April 29, 2009 in Antwerp, Belgium
Photo: Mark Renders/Stringer / Getty
Richard Dawkins had been scheduled to speak at the the Wyndgate Country Club in Rochester Hills, Michigan. That was changed almost at the last minute, though, because someone decided that they didn't want to be "associated with" a prominent atheist and scientist like Dawkins. What's more, there's a good chance that what the Wyndgate Country Club did is against the law.
"This is sheer bigotry," Dawkins said. "If the country club had said, 'I'm not having Dawkins speak because he's a Jew, or because he's black, or because he's gay,' they would never get away with it." Managers with the Wyndgate Country Club did not return calls and messages seeking comment. ..."It clearly violates the spirit of the Civil Rights Act," he said.
Source: Detroit Free Press
Actually, the actions of the Wyndgate Country Club may violate the letter of the Civil Rights Act as well...
Although privately owned, The Wyndgate facilities are open to the public for special events and occasions. According to Title II of the Federal Civil Rights Law of 1964, "open to the public" means "all persons shall be entitled to the full and equal enjoyment of the goods, services, facilities, privileges, advantages, and accommodations of any place of public accommodation, as defined in this section, without discrimination or segregation on the ground of race, color, religion, or national origin."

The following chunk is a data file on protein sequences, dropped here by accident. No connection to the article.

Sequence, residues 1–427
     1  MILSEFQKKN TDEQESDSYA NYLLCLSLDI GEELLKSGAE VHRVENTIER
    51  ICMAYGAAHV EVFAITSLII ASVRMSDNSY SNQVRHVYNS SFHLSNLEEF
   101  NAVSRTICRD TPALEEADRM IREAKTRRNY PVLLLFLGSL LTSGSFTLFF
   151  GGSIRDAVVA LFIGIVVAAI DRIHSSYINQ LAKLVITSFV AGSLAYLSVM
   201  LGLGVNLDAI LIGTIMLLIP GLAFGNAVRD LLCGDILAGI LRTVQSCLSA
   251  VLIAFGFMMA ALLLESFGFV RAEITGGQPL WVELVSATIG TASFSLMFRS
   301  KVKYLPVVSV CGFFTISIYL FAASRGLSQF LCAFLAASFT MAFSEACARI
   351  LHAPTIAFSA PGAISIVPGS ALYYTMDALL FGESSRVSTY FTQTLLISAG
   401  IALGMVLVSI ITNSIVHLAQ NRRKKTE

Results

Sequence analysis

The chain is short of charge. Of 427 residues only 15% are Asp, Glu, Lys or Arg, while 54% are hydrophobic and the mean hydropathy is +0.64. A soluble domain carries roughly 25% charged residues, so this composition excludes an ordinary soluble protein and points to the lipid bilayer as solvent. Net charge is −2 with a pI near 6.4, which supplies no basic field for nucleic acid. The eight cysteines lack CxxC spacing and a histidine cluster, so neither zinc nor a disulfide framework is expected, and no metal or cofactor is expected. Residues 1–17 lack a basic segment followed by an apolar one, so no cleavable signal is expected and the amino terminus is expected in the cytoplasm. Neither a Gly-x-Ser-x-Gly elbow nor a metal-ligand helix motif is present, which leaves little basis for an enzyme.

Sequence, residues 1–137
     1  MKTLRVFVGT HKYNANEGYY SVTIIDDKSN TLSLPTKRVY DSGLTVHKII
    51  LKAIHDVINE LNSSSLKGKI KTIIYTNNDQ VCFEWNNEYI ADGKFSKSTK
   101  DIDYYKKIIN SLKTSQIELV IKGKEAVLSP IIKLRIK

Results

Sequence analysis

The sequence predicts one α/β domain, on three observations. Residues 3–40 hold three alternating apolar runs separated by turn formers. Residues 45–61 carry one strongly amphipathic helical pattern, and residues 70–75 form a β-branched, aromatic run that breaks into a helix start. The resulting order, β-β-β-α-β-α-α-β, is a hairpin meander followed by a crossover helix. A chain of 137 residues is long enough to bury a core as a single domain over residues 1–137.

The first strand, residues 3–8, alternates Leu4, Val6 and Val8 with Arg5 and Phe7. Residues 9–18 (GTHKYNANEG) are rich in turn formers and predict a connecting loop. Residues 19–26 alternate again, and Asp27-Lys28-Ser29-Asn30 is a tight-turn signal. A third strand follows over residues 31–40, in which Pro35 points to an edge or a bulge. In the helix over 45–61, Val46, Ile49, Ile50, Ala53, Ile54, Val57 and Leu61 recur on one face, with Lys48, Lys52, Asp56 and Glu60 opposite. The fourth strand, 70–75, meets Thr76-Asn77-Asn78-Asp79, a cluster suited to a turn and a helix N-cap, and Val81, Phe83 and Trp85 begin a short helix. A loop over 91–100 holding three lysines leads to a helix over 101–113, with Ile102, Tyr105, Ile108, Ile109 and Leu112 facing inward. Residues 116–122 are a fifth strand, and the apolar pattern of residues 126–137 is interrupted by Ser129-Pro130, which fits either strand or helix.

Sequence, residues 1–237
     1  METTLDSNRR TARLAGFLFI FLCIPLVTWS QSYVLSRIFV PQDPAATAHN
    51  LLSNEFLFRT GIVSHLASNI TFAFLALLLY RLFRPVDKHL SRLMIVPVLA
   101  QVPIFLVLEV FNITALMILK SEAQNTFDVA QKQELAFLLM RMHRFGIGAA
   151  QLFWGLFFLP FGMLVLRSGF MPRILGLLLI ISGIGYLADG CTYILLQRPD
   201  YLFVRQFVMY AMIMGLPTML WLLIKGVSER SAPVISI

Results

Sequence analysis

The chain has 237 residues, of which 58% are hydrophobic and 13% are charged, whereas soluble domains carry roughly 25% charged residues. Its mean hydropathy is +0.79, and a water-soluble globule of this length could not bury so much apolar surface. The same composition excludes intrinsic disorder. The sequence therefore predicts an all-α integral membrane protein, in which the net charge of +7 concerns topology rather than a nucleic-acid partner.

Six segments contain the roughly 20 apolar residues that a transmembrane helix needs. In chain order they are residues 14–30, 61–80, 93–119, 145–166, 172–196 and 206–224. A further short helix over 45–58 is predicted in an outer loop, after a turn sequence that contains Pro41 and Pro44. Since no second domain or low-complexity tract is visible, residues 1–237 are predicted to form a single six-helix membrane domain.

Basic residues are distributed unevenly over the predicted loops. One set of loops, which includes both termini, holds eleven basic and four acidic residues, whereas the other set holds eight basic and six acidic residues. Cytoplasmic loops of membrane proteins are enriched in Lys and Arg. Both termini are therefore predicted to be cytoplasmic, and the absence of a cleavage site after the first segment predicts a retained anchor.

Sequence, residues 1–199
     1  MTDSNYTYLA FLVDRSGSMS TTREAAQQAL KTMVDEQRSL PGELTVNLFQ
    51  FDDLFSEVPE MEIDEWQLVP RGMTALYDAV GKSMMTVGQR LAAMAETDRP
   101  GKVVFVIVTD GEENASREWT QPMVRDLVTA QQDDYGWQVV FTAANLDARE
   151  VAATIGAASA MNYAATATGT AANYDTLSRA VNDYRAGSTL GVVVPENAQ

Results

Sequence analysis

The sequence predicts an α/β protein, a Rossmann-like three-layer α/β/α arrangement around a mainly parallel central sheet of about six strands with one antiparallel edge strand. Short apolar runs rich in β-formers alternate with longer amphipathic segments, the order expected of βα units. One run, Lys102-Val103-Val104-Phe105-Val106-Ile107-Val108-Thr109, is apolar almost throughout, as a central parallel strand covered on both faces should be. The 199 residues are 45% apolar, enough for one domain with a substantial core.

"It's important to understand that discrimination based on a person's religion--or lack thereof--is legally equivalent to discriminating against a person because of his or her race," said Jeff Seaver, executive director of CFI-Michigan. "This action by The Wyndgate illustrates the kind of bias and bigotry that nonbelievers encounter all the time. It's exactly why organizations like CFI and the Richard Dawkins Foundation are needed: to help end the stigma attached to being a nonbeliever."
Source: Center for Inquiry
Imagine if the Wyndgate Country Club had refused to be associated with a Jew or Muslim. Imagine if they had refused to let someone speak simply because they were a female or gay. They could get away with such crass bigotry if they were a fully private institution, but as soon as they opened up their doors to rent their facilities to the public, they agreed to submit to the public regulations of how such rentals can managed.
The organization itself may be entirely private and, as such, they may refuse to admit atheists, women, blacks, Jews, Catholics, and a whole host of "inferior" types. That's legal. Refusing to rent a hall to atheists, women, blacks, Jews, Catholics, and other minorities even though the rental is made available to the public generally is not legal.